Ask any Ferris State fan what their best season was and the answer is going to be unanimous: 2003. Led by Hobey Baker finalist Chris Kunitz, who has since produced a solid NHL career, the Bulldogs climbed to the top of the CCHA, finishing on top of the regular season table for the first time in school history, besting Michigan by six points during a 22-5-1 CCHA season. Though they lost the CCHA Championship Game to the Wolverines, the Bulldogs still gained their first NCAA tournament appearance, coming just a game away from the Frozen Four as they defeated North Dakota 5-2 before falling 7-4 against a Minnesota team that was not only the defending national champions, but were on their way to becoming the first back-to-back national champs in 30 years, and were playing on their home ice to boot. They finished the year with an impressive record of 31-10-1.
The team has yet to return to that lofty pinnacle. The following season, Ferris State plummeted to 10th in the 12-team CCHA, and did not register another winning season until 2008. More recently, the Bulldogs have been generally solid while not quite approaching the top of the CCHA again. There is recent cause for optimism, however. In 2010 and 2011, the team registered consecutive winning seasons for the first time since the CCHA's expansion, making three winning seasons in the last four. Both years, they were a bubble team for a second NCAA bid.
A major reason for the Bulldogs' relative success in the last two years, unfortunately for them, has graduated: goaltender Pat Nagle, who anchored a Ferris State defense that was among the Top 10 defenses in the nation in each of the last two seasons. That defense could take a step back without him, but at the same time, the returning defensive corps is chock full of experienced blueliners (including three prominent seniors and five total), most of whom help out the Bulldogs offensively as well.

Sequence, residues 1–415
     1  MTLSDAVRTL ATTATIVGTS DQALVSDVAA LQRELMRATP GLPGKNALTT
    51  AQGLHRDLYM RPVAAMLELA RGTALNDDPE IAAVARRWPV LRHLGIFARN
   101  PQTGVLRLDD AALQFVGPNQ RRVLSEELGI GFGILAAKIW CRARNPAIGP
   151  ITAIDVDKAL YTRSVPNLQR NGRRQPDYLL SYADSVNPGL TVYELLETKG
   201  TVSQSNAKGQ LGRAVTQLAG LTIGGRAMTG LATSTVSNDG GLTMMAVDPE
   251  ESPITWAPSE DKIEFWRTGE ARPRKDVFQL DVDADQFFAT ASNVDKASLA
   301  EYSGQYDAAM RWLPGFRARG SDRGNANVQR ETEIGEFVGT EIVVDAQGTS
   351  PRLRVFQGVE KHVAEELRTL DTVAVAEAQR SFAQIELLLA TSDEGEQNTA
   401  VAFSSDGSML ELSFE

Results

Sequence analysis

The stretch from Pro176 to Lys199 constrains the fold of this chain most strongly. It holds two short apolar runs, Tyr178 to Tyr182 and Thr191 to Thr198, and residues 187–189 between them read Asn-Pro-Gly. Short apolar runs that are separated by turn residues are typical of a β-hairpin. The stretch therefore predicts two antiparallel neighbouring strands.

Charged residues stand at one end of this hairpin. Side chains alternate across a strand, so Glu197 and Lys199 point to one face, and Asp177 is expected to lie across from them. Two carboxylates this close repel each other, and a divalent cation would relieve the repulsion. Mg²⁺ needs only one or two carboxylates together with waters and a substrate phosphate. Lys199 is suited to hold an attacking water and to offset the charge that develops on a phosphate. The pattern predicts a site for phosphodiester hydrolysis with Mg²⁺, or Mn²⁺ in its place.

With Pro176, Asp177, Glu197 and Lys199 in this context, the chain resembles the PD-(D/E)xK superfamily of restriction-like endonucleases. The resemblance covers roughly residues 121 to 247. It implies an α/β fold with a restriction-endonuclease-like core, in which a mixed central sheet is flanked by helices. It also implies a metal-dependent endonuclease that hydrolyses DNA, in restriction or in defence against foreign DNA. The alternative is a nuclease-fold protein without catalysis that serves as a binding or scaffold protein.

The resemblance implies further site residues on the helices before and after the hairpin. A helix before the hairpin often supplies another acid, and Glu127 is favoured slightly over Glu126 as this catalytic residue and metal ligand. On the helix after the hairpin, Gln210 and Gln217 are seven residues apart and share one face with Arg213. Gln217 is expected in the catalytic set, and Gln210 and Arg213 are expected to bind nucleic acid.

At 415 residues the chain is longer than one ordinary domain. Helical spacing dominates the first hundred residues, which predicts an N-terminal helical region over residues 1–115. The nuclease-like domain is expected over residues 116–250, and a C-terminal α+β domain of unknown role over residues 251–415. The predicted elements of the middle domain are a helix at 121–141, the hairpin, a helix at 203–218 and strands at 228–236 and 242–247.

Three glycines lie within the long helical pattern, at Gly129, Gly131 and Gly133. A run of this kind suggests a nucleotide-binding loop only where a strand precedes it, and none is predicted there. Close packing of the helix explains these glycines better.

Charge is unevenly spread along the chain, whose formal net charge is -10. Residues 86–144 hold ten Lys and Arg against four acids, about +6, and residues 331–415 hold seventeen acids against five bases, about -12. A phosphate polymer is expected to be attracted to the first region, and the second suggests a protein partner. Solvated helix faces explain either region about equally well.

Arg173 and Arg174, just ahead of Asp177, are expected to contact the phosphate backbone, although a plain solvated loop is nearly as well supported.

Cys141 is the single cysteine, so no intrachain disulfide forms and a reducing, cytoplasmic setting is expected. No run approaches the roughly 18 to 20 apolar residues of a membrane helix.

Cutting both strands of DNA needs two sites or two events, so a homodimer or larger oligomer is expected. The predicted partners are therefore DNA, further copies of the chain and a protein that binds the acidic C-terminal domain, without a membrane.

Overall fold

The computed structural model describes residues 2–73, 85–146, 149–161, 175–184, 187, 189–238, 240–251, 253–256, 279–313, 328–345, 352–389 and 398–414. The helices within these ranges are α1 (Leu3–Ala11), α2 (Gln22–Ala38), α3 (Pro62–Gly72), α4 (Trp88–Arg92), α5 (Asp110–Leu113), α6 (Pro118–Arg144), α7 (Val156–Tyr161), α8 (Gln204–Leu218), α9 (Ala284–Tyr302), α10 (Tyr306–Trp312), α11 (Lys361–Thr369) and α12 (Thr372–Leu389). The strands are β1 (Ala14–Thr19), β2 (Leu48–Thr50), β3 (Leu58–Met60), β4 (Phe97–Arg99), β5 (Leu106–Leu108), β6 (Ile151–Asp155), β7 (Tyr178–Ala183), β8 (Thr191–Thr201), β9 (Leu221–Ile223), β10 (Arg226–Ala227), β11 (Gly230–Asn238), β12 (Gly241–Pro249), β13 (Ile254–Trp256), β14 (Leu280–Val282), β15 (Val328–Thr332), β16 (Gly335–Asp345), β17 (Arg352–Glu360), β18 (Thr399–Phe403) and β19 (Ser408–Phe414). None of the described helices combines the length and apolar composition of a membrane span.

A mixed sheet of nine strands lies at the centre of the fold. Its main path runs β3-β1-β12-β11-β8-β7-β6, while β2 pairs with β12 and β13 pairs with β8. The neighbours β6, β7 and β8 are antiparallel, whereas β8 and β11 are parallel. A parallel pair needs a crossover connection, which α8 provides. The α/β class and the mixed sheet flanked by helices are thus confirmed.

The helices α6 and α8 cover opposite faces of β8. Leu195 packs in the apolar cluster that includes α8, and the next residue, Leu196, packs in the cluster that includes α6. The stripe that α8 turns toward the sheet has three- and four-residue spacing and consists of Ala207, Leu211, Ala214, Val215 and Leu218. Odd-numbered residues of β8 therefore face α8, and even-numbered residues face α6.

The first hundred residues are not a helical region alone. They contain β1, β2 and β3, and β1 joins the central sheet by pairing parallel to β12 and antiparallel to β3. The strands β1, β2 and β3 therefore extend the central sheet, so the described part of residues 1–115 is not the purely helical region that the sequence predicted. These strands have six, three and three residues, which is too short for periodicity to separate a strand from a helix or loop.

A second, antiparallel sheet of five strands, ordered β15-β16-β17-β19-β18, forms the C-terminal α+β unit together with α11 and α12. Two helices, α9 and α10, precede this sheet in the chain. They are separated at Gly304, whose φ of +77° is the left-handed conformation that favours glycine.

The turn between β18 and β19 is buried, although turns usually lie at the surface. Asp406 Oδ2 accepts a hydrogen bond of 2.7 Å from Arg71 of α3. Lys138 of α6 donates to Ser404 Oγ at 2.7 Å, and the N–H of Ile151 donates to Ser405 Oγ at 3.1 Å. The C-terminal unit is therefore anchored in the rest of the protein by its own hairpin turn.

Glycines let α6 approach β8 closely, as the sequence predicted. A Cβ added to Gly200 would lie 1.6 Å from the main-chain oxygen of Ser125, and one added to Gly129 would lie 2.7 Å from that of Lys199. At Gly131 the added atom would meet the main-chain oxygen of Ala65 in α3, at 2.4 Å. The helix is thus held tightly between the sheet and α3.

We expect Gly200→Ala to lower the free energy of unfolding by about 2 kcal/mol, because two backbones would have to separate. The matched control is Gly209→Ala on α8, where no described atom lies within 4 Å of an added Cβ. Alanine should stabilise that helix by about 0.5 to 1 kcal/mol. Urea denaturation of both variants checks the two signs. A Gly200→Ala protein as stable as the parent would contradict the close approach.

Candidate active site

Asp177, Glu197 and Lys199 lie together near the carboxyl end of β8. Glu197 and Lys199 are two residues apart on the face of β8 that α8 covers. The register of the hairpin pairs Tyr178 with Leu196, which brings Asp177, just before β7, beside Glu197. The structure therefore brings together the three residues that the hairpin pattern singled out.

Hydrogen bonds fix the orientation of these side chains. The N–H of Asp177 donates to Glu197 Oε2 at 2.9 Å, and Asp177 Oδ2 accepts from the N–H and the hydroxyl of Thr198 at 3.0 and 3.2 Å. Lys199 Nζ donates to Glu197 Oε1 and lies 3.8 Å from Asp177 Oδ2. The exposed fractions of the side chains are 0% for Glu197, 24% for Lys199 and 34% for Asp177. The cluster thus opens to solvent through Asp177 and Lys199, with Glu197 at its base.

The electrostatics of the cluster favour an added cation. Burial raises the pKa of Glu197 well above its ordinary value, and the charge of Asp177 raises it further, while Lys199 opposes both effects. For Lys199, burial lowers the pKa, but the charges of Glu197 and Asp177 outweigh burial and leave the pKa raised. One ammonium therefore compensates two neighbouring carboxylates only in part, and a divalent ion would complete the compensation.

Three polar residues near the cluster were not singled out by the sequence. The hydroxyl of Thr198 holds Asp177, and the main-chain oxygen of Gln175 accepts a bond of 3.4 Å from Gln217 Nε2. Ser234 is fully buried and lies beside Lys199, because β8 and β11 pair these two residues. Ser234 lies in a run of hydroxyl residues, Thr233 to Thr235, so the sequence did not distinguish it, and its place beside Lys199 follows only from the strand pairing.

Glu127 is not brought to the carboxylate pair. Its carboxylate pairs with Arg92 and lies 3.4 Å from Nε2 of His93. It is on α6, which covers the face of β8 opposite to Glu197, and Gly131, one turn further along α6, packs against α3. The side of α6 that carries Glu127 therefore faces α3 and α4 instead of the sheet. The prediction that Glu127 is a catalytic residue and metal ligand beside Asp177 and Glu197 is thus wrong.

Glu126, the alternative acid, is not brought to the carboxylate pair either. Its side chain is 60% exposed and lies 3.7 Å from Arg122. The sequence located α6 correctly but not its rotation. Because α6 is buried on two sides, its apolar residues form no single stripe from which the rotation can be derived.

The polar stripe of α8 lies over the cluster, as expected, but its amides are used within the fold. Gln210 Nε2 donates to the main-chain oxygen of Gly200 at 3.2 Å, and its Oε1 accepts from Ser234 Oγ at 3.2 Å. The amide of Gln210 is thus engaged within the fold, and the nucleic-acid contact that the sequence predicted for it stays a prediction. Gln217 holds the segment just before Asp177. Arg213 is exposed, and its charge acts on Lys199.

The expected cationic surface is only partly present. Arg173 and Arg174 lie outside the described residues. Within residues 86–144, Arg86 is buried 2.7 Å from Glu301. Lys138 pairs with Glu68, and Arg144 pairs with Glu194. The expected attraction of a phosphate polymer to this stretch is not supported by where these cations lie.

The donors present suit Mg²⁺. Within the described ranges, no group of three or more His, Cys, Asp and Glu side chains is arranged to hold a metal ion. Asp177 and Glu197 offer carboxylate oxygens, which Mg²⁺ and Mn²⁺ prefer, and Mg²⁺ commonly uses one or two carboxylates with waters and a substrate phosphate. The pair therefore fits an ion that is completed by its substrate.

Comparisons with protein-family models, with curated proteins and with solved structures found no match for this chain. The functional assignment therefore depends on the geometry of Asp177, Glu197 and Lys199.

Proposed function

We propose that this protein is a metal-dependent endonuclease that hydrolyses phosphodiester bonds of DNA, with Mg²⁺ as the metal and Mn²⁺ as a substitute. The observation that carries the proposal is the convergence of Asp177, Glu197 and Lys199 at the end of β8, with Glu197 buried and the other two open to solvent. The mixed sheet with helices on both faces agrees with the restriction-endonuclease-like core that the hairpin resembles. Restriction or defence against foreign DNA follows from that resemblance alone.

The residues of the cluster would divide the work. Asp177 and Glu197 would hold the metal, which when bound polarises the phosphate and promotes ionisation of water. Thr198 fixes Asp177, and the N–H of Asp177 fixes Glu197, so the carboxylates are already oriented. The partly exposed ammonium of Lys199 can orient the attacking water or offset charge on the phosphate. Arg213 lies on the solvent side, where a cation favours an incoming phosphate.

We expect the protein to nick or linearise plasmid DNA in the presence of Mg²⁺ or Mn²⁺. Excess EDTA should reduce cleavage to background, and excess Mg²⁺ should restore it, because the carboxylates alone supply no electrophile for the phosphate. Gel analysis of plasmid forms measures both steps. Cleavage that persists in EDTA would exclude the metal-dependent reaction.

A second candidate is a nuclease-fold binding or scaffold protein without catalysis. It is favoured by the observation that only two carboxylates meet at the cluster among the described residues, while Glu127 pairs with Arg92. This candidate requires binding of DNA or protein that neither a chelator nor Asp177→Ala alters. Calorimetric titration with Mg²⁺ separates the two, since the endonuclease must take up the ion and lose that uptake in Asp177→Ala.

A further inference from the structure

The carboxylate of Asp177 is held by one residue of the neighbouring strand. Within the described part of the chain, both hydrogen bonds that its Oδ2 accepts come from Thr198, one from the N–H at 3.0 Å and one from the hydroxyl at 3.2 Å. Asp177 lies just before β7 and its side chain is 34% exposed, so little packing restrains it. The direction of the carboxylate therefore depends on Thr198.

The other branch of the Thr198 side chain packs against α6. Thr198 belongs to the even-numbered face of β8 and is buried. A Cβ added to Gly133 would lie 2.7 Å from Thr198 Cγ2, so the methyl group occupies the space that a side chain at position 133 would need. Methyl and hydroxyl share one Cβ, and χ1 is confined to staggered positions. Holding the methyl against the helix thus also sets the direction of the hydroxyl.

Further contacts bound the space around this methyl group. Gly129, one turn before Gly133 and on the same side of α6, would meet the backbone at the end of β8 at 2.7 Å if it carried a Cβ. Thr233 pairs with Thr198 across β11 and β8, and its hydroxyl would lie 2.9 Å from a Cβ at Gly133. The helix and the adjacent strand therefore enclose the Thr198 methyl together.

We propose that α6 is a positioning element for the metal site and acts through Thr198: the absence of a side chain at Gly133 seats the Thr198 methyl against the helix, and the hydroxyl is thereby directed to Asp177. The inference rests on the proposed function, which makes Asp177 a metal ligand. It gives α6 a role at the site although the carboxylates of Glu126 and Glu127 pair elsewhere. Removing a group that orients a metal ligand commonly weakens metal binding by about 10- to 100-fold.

With Nagle gone, the goaltending duties will likely fall to senior Taylor Nelson, who split time with Nagle in 2009 and 2010 before being relegated to backup for much the same reason Bryce Merriam didn't see much action in 2011 - the other goaltender had the team on his back.
Offensively, the Bulldogs didn't have any individual players put up striking numbers - leading scorer Travis Ouellette returns for his junior year with just 21 points last season and the only Bulldog to reach double digits in goals with just 10, but while Ferris State didn't have individuals lighting the lamp with abandon, as a team they spread the scoring around very well: 14 different players had at least 10 points, including six defensemen. That tends to require opposing teams to focus less on stopping individuals and more on a game plan that can stop anyone.
This series in Michigan, besides being a homecoming for Seth Appert, should prove to be another good challenge for RPI's young forwards. It's not exactly the easiest road trip for fans (even diehards) to make, but this should be a couple of interesting games that could help decipher exactly what the Engineers are capable of this season.